appear to me as contrary to the laws of illusion as painted statues."
"I participate in your opinion," replied Ferdinand; "for the remembrance of a terrible impression produced on my mind when young, by a portrait of that sort, will never be effaced."
"O! pray relate it to us," said the young lady with flaxen hair, who had not as yet quitted the low chair; "you are obliged according to promise to take my place." She instantly arose, and jokingly forced Ferdinand to change seats with her.
"This history," said he, "will resemble a little too much the one you have just related; permit me therefore——"
"That does not signify," resumed the mistress of the house, "one is never weary with recitals of this kind; and the greater repugnance I feel in looking at these horrible portraits, the greater is the pleasure I take in listening to histories of their eyes or feet being seen to move."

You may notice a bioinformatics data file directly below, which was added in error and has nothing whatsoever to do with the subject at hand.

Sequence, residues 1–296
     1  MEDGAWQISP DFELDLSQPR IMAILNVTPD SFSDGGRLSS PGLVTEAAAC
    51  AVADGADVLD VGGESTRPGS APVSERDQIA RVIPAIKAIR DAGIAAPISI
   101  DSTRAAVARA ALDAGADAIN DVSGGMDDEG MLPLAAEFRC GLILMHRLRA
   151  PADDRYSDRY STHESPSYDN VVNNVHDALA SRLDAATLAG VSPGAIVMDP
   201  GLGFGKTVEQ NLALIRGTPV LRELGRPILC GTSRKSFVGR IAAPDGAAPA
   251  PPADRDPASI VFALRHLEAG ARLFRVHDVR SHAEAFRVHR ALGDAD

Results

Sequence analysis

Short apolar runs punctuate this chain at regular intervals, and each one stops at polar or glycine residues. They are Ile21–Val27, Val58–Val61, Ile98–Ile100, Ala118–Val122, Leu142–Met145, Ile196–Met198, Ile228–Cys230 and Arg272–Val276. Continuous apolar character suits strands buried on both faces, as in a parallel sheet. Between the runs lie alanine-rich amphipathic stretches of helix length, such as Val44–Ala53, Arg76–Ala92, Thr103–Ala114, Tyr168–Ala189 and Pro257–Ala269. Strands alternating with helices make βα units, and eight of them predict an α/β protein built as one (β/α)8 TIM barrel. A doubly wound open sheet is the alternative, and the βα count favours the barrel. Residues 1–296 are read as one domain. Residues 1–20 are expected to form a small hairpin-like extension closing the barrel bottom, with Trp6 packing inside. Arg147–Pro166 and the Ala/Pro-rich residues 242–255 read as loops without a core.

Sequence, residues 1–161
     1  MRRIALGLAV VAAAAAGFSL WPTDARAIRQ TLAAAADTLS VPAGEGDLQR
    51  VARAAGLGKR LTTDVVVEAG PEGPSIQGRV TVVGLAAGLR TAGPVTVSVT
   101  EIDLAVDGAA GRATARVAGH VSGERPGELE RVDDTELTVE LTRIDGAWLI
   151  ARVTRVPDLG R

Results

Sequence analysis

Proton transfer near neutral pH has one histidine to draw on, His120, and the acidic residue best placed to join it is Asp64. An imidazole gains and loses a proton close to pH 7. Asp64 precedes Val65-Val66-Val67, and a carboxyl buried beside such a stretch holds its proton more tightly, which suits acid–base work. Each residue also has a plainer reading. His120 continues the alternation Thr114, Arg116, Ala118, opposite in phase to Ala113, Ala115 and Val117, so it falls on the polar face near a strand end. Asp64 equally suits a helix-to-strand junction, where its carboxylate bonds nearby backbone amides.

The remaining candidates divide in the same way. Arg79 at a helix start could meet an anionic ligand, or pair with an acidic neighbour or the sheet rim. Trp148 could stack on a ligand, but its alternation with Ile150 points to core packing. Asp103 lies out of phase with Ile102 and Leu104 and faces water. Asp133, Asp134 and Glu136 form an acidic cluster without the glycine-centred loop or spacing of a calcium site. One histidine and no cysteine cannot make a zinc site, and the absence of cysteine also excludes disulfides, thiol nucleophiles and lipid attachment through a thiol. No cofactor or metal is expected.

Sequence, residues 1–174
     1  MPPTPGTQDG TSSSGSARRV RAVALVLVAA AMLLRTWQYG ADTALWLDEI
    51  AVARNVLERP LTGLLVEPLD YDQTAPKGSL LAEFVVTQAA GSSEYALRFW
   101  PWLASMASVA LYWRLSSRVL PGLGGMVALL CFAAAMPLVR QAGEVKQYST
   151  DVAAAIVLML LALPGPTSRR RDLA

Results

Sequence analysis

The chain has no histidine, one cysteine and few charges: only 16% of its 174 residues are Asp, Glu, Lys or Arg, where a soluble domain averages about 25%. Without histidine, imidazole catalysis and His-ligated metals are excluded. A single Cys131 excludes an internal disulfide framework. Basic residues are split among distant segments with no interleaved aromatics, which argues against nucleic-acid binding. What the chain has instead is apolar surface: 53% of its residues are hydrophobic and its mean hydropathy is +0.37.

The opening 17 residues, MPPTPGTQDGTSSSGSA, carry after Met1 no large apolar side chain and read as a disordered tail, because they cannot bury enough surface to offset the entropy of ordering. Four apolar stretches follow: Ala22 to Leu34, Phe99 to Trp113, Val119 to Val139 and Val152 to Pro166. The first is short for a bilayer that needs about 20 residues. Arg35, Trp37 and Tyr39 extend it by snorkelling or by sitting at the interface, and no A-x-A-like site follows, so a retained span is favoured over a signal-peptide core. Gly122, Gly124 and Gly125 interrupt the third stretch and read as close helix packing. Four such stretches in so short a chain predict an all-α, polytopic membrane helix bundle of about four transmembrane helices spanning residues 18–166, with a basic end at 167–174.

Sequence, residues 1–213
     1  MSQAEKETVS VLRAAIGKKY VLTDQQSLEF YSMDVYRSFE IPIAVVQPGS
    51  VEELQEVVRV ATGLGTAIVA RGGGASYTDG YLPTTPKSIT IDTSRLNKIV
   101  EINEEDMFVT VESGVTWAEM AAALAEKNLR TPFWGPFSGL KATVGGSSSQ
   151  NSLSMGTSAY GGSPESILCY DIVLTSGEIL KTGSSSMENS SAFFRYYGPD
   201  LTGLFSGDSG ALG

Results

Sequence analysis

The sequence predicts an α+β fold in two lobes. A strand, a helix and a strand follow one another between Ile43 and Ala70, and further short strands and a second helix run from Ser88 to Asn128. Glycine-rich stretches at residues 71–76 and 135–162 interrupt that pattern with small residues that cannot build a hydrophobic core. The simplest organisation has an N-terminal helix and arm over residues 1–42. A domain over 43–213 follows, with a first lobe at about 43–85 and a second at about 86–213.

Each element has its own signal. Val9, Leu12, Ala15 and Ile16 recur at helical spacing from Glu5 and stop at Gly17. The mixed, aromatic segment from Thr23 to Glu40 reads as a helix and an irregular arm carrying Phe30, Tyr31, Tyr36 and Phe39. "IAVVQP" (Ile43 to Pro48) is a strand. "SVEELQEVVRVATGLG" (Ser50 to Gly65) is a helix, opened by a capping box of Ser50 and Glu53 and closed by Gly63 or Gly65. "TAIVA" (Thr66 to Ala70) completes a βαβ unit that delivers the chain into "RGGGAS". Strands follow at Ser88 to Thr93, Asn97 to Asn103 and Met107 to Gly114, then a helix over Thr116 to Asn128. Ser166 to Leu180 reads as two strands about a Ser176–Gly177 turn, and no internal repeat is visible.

"But seriously," replied Ferdinand, who would fain have retracted his promise, "my history is too horrible for so fine an evening. I confess to you that I cannot think of it without shuddering, although several years have elapsed since it happened."
"So much the better, so much the better!" cried nearly all present; "how you excite our